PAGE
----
Getting Over Getting Out of the House

Getting Over Getting Out of the House | Twin Cities Moms Blog

My partner owns an escape room business and often works on the weekends. This means I have two days alone with two kids where I get creative, drink my weight in coffee, and pray it doesn’t rain. Don’t get me wrong, I love playing with my kids. Especially when I’m home after a long week of connected-to-my-phone work-time. However, with a teething one-year old and an almost three-year old dictator, I sometimes feel paralyzed by this daily dilemma: should we stay or should we go?

Staying in the house means movies, puzzles, snacks all day, and a living room that looks like a tornado tore through an episode of Hoarders. Leaving the house means about an hour packing a diaper bag, car naps, and praying neither child has a very public meltdown. Both involve triumphs and challenges we didn’t anticipate as our family has grown.

I’m a pretty restless person and a defiant Taurus. When I had my first baby, I was determined to prove (to whom, I’m not sure) that my life wasn’t changing that dramatically. I could still do cool things like drink beer at a brewery while nursing my nugget. I could change a diaper in the back of a car at a concert. I could eat at a fancy restaurant and burp a gassy human. I’ll be honest, it felt pretty awesome. There’s something about the universal nod from other feeding, juggling, wiping, running moms that’s like a high five to the soul saying, “The crazy in me recognizes the crazy in you. Namaste, mama.” I even believe kids learn a lot from tagging along with their parents. I credit his (mostly) decent behavior with teaching him how to act in public early.

When I had my second child, I had the same ambitions of peaceful outings and solidarity nods. What’s so hard about bringing two kids to the zoo? 

Answer: literally everything.

After our first family of four outing, I thought I may never leave the house again. How do you nurse your little when your big is running around? How do you de-escalate a toddler meltdown when your infant is trying to sleep in a stroller? Most importantly, how, in all that is holy, do you hover a two-year old on a public toilet while your three-month old dangles precariously in a sling?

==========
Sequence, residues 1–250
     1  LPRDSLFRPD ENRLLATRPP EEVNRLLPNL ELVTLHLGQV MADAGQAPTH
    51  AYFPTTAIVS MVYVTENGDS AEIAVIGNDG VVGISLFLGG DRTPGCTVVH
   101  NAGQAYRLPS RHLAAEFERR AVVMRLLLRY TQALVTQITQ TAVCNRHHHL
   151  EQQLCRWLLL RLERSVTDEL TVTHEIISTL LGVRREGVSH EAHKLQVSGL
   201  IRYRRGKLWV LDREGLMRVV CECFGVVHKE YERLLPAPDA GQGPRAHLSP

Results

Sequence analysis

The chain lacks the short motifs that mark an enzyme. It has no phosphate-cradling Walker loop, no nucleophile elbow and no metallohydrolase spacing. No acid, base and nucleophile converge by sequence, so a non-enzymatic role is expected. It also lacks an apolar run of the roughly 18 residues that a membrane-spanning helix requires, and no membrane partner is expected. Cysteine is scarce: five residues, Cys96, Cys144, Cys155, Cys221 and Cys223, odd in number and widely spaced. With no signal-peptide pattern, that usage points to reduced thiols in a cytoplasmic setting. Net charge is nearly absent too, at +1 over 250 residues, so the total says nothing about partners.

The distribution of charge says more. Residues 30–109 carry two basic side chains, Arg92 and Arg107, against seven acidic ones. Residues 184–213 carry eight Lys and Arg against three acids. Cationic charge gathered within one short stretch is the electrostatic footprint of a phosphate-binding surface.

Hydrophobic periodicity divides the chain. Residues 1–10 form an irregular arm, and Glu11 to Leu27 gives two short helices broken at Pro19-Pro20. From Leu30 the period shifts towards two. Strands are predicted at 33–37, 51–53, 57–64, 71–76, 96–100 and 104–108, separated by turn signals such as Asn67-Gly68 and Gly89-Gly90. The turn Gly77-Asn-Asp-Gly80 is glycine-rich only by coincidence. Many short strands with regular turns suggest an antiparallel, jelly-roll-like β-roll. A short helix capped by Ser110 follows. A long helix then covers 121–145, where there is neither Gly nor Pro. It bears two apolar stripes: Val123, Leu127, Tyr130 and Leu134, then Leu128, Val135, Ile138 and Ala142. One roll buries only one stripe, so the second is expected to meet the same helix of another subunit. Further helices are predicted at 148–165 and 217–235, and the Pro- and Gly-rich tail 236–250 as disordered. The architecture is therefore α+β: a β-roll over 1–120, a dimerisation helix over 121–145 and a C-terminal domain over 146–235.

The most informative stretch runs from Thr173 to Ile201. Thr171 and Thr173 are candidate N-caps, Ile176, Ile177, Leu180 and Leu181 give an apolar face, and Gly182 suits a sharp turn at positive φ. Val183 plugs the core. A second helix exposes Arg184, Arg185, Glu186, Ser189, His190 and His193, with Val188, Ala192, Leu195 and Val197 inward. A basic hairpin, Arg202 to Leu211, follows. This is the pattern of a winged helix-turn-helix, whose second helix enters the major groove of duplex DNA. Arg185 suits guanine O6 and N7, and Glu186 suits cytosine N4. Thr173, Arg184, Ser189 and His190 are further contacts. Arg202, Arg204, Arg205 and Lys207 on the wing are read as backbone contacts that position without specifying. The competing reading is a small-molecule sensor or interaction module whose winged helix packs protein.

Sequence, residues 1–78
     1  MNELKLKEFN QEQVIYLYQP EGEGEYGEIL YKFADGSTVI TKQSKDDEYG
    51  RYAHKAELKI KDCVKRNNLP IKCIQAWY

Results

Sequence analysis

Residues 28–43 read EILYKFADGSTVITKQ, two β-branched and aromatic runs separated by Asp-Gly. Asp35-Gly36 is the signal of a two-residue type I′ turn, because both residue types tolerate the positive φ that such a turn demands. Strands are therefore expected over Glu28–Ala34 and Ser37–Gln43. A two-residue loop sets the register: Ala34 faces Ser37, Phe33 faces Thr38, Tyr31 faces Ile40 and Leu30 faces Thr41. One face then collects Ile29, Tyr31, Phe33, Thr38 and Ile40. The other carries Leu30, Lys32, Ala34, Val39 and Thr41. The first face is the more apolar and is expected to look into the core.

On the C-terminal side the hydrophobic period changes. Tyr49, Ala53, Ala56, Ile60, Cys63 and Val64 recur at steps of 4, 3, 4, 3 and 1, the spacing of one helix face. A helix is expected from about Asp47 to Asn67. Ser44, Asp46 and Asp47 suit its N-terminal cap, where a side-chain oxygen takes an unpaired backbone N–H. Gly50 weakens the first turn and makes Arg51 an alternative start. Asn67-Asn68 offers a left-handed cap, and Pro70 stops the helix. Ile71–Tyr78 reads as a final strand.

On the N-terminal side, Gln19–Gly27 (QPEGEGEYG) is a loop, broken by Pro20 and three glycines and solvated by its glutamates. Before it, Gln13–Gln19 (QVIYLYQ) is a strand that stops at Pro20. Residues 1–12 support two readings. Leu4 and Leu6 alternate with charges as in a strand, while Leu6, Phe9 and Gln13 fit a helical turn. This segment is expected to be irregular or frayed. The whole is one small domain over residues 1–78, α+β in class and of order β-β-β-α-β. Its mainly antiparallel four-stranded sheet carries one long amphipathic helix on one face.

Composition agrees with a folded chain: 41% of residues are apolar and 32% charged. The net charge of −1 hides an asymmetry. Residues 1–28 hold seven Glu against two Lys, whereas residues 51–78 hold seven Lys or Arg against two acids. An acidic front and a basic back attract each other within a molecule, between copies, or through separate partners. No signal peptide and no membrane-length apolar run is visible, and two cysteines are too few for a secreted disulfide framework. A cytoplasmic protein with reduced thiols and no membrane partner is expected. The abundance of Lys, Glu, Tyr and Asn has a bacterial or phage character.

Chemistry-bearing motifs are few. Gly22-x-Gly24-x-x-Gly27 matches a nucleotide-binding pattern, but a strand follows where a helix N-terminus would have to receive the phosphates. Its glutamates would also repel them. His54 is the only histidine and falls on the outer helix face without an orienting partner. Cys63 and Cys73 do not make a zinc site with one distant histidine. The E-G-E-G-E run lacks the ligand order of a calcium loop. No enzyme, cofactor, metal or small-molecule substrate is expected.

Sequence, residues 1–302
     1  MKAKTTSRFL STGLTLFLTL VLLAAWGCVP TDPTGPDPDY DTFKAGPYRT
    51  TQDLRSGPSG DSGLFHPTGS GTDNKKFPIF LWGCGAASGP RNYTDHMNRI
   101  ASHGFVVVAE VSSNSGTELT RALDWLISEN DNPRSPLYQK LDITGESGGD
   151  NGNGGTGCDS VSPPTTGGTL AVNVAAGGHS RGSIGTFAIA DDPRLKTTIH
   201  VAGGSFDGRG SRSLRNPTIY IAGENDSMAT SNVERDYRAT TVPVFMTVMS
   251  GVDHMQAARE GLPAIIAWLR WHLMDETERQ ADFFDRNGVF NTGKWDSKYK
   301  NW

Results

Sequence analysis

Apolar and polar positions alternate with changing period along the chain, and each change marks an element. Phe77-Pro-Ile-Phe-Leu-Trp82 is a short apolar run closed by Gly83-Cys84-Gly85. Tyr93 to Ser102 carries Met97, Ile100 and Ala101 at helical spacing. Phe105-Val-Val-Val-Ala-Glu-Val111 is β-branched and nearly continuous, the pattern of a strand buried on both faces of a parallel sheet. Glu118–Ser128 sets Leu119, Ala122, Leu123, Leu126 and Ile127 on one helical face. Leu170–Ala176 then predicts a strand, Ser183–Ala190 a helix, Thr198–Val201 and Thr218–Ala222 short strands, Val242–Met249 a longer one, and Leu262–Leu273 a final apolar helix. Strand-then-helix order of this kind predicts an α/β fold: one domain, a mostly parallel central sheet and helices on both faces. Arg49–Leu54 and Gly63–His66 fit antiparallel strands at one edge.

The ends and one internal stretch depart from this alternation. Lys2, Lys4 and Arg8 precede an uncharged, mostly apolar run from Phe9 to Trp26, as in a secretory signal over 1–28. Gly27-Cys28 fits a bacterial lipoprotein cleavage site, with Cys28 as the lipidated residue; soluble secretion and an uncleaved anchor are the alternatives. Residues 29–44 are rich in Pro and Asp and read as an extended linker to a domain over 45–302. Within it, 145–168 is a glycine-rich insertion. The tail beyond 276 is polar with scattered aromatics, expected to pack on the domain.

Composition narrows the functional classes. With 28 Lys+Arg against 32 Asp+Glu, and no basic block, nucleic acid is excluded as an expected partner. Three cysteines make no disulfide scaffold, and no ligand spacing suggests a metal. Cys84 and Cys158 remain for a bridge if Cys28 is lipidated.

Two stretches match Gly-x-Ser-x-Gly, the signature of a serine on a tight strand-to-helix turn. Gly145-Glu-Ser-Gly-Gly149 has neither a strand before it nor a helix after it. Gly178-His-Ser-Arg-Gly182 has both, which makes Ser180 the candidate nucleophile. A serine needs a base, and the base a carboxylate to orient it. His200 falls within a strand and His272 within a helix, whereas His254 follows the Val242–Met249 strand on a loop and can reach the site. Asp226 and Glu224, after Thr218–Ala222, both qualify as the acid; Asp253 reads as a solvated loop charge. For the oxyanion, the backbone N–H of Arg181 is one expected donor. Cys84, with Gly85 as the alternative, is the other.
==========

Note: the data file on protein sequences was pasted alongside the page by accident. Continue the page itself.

Those first few outings left me overwhelmed and feeling like we should just be hermits and never leave the house. At least in our home, I can keep the humans semi-contained, and I don’t get caught in the middle of Old Navy with a toddler threatening to crap himself and an infant blowing out the back of a onesie. JESUS TAKE THE WHEEL.

There’s so much unnecessary social pressure to go out and live your life exactly how it was before you had kids. Newsflash, nothing is the same after you have kids. My parts aren’t where I left them, my brain is a pile of pudding, and sometimes I just don’t want to make it work. This is hard for a social extrovert, like myself, to grasp. I’ve never felt overwhelmed at the prospect of being around people, but I’m starting to realize that’s OK. I don’t have to prove to anyone that I’m capable of wrangling two monkeys. I especially don’t have to prove that to myself.

For new mamas and mamas lucky enough to have more than one: sometimes you’re going to feel like Wonder Woman, slinging babies like it’s your job, and sometimes you’re going to feel like a swamp monster who hasn’t showered in three days. There’s no one forcing you to put on a bra and get out of the house. Seriously, there are no mom-police. A movie day for your kids and a day without planning, packing, and running around can do wonders. When I’ve pulled myself together enough to at least remember the diaper bag, we’ve had incredible adventures as a family. Sometimes the best adventures involve jammies until 2pm and fruit snacks for breakfast.

One Response to Getting Over Getting Out of the House

  1. Amanda August 8, 2017 at 2:35 PM #

    I understand. I don’t have children of my own but my one good friend who does have children just sort of fell into the parenting lifestyle. Didn’t make a conscious effort or anything to slow down, it just happened on its own. Strong maternal instinct, I suppose. I applaud that.

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